Research shows there’s a one in three chance that you likely suffer from some kind of sleeping disorder that may stop you from getting the right amount of rest you need and has a significant impact on your quality of life. One of the most common of these is Delayed Sleep Phase Syndrome, or DSPS. But what is it and why should we address it? And finally – how can we treat it?

In this article, we cover:

What is Delayed Sleep Phase Syndrome?

Trouble putting down your smartphone before bed? Just one more episode of that addictive Netflix series? There are many reasons to stay up late; if it only happens now and again, it’s probably harmless. But if it becomes a habit you could be putting yourself at risk from Delayed Sleep Phase Syndrome.

This syndrome describes a ‘glitch’ in the body’s Circadian rhythm that causes the delay of a sleep pattern by two or more hours. In other words, DSPS keeps us awake longer, delays waking up in the morning and ultimately causes fatigue.

Although the sleep DSPS sufferers get is “normal”, the delay in achieving it and the fact that it’s often shorter in duration can cause excessive sleepiness and lack of focus, often resulting in disruption to work and other social demands. If you’ve noticed a similar delayed sleep pattern and if keeping up with everyday demands is proving difficult and causing anxiety, then you may want to consider speaking to your physician.


Generally, DSPS sufferers can be said to have the following symptoms: 

  • A delay in sleeping patterns in relation to a desired or required schedule
  • Difficulty falling asleep at a desired time
  • Problems waking up at a desired time
  • Excessive daytime sleepiness
  • Difficulty concentrating or doing common tasks

People suffering from DSPS are also affected by the symptoms above for at least seven days.

Risk Groups for DSPS

While anyone can develop DSPS, certain individuals are more at risk than others:

  • Adolescents and young adults: They are at increased risk for developing DSPS due to the natural changes in their sleep patterns which occur during puberty. During puberty, the body’s natural sleep-wake cycle may shift to a later time, making it more difficult to fall asleep and wake up at desired times. This can result in a misalignment between the individual’s sleep-wake cycle and their daily responsibilities, such as school or work.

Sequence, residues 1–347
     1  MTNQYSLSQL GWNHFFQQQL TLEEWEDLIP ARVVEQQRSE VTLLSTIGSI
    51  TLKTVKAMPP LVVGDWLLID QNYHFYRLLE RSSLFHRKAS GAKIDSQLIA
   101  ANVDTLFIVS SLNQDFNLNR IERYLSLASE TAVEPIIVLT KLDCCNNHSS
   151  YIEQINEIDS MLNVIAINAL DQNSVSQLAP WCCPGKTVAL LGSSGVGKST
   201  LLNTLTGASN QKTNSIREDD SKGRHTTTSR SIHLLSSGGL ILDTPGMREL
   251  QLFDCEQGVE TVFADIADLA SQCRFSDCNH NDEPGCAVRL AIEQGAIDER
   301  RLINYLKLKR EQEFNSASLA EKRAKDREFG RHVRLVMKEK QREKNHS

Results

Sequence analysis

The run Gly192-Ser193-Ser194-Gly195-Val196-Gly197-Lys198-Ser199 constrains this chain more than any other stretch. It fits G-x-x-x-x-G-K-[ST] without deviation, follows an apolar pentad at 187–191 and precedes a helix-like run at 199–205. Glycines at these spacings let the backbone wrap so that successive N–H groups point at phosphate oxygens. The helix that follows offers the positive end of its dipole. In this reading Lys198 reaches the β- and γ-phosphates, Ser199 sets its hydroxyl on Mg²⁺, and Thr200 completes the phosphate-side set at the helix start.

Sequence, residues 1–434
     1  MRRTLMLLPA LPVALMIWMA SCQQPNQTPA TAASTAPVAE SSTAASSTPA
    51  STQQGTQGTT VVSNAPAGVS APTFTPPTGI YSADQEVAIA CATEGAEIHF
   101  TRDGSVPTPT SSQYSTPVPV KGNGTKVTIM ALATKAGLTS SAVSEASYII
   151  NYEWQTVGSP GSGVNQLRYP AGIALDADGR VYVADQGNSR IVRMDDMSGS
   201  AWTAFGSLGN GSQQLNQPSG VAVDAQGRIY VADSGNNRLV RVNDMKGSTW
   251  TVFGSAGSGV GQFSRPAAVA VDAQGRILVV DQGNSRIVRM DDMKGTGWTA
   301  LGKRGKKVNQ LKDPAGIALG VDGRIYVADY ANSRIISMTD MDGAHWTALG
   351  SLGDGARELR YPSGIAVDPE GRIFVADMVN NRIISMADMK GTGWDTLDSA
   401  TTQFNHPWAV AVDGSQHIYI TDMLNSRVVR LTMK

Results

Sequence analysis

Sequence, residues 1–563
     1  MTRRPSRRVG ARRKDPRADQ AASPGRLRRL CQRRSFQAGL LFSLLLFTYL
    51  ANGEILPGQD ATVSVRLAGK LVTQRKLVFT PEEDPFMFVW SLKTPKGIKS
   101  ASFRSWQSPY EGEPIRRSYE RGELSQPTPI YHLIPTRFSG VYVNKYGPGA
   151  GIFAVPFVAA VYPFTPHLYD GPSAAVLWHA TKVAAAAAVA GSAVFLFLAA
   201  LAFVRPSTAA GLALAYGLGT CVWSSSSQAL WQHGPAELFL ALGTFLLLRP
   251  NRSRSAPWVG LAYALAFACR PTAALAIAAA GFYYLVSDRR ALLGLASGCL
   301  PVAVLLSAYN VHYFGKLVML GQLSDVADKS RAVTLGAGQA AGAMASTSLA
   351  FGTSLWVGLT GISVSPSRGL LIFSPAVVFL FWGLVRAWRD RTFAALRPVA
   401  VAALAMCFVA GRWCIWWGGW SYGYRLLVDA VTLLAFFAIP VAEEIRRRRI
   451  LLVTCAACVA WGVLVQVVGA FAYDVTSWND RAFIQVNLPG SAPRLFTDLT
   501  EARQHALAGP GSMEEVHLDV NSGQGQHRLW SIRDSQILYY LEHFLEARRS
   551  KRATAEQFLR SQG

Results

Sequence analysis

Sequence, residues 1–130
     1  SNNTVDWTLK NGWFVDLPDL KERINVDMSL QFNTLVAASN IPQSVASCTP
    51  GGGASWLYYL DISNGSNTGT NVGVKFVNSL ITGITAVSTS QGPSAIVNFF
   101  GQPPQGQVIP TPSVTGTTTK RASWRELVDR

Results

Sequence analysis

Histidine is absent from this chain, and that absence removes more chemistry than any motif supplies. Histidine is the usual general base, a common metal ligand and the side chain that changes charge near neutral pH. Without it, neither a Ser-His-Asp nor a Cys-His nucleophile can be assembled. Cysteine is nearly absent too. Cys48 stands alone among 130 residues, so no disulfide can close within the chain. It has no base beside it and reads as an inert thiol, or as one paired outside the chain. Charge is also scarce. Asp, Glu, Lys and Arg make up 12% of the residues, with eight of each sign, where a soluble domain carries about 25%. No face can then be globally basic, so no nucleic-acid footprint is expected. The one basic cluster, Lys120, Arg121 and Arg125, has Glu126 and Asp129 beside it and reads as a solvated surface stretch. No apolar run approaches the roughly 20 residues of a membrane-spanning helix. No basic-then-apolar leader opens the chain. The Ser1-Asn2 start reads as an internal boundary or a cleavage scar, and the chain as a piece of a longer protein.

• Individuals with certain medical conditions: Certain medical conditions, such as depression and anxiety, can increase the risk of developing DSPS. This is because these conditions can affect the body’s natural sleep-wake cycle, making it more difficult to fall asleep and wake up at desired times. In addition, people with neurological conditions, such as autism and ADHD, may also be at increased risk for developing DSPS.
  • Individuals with relatives suffering from DSPS:  Genetics may also play a role in the development of DSPS. Research has found that certain genetic variations may be associated with an increased risk of developing DSPS. These genetic variations can affect the body’s natural circadian rhythm, making it more difficult to fall asleep and wake up at desired times

3 Treatments to counter Delayed Sleep Phase Syndrome 

When seeking treatment for Delayed Sleep Phase Syndrome, it’s important to rule out other potential causes of the problem. Examples of these can be another sleep disorder, an undiagnosed medical condition, side effects of prescribed medication or substance abuse. Studies indicate that 50% of DSPS sufferers also experience depression, so ensuring the right problem is identified is a vital first step in any treatment

If you think you may have DSPS, we recommend contacting a healthcare professional. After an initial examination and confirmed diagnosis, your doctor may recommend a treatment plan. This  generally focuses on 3 main areas